We can evaluate the benefits of IPDW by comparing its output against
Inverse Distance Weighting with Euclidean distances. The following
section generates an interpolated surface via IDW. First, prediction
points are generated. Then the `gstat`

(Pebesma 2004) IDW functionality is called with
the same inputs as the previous section above. Differences between the
outputs of two methodologies are shown in Figure 2.

```
<- rasterToPoints(costras, fun = function(x) {
idw.grid < 10000
x spatial = TRUE)
}, gridded(idw.grid) <- TRUE
<- gstat::idw(salinity ~ 1, training, idw.grid, maxdist = mean.neighdist * 10,
kat.idw debug.level = 0)
<- raster(kat.idw) final.idw
```

```
par(mfrow = c(1, 3), mar = c(5.1, 4.1, 4.1, 5.1))
plot(final.ipdw, main = "IPDW")
plot(final.idw, main = "IDW")
plot(final.idw - final.ipdw, main = "IDW versus IPDW")
```

We can compare interpolation errors quantitatively using the
`errorGen`

function. Figure 3 shows a plot of the validation
dataset against the interpolated estimates at those points. The
validation dataset enters into the function both as a
`SpatialPointsDataFrame`

object and as the underlying values
contained in the data slot.

```
<- data.frame(validate$salinity)
measured.spdf coordinates(measured.spdf) <- coordinates(validate)
<- errorGen(final.ipdw, measured.spdf, measured.spdf@data)
valid.ipdw <- errorGen(final.idw, measured.spdf, measured.spdf@data) valid.idw
```

```
par(mfrow = c(1, 2))
<- errorGen(final.ipdw, measured.spdf, measured.spdf@data,
valid.ipdw plot = TRUE, title = "IPDW")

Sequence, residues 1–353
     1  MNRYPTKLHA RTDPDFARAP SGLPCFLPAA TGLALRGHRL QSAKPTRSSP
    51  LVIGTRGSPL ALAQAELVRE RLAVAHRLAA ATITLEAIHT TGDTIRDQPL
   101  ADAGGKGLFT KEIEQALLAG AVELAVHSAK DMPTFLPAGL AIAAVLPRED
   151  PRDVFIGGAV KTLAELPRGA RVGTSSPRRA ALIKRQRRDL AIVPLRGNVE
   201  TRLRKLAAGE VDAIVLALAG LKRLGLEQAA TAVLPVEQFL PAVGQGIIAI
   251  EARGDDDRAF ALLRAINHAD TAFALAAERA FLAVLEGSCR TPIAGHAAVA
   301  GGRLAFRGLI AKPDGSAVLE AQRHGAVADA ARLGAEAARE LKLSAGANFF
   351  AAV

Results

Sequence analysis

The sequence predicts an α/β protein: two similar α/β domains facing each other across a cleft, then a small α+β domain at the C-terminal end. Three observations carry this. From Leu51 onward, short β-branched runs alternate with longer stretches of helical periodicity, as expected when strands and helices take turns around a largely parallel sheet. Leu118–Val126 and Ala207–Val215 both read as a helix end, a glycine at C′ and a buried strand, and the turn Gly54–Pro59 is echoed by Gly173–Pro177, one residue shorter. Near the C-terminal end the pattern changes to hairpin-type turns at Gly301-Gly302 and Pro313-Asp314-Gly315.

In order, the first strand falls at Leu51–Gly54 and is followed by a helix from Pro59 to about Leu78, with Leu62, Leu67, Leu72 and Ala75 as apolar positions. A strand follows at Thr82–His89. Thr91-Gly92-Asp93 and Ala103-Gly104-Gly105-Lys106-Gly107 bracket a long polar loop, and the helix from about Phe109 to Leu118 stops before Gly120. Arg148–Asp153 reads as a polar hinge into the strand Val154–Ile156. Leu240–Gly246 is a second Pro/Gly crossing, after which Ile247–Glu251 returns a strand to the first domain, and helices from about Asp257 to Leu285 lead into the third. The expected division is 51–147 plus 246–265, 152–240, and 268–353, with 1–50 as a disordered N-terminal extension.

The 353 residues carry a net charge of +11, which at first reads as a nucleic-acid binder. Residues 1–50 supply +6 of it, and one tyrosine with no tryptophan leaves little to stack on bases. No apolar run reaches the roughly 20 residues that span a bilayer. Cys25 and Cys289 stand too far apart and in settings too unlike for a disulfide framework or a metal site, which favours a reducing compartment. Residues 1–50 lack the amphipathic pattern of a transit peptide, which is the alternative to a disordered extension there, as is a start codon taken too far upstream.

<- errorGen(final.idw, measured.spdf, measured.spdf@data,
valid.idw plot = TRUE, title = "IDW")
```

Results from IDW and IPDW appear similar because no validation points
are present in the area downstream (south) of the contiguous barrier
(Figure 1, 2). Up to this point, we have seen a simple implementation of
IPDW requiring only a `SpatialPointsDataFrame`

and a cost
`Raster`

.

Test comparisons between the `ipdw`

and the ESRI (Mitchell 2012; Suominen, Tolvanen, and Kalliola
2010) implementations of IPDW found `ipdw`

to be much
faster and more flexible. In particular, the high-level function
`ipdw`

provides the ability to run IPDW in one step while the
lower-level function `ipdwInterp`

can be called multiple
times following `pathdistGen`

in order to interpolate
multiple parameters of a single `SpatialPointsDataFrame`

.
This is accomplished by saving the output from
`pathdistGen`

.

Baddeley, Adrian, and Rolf Turner. 2005. “Spatstat: An r Package
for Analyzing Spatial Point Patterns.” *Journal of Statistical
Software* 12 (6): 1–42.

Csardi, Gabor, and Tamas Nepusz. 2006. “The Software Package for
Complex Network Research.” *InterJournal, Complex Systems*
1695 (5).

Diggle, Peter, and Søren Lophaven. 2006. “Bayesian Geostatistical
Design.” *Scandinavian Journal of Statistics* 33 (1):
53–64.

Etten, Jacob van. 2014. *Gdistance: Distances and Routes on
Geographical Grids*. https://cran.r-project.org/package=gdistance.

Hijmans, Robert. 2014. *Raster:raster: Geographic Data Analysis and
Modeling*. https://CRAN.R-project.org/package=raster.

Little, L, D Edwards, and D Porter. 1997. “Kriging in Estuaries:
As the Crow Flies or as the Fish Swims?” *Journal of
Experimental Marine Biology and Ecology* 213.

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Stachelek, J., and Christopher J. Madden. 2015. “Application of
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Coastal Water Quality Patterns.” *International Journal of
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Suominen, Tapio, Harri Tolvanen, and Risto Kalliola. 2010.
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Warnes, Gregory R., Ben Bolker, Gregor Gorjanc, Gabor Grothendieck, Ales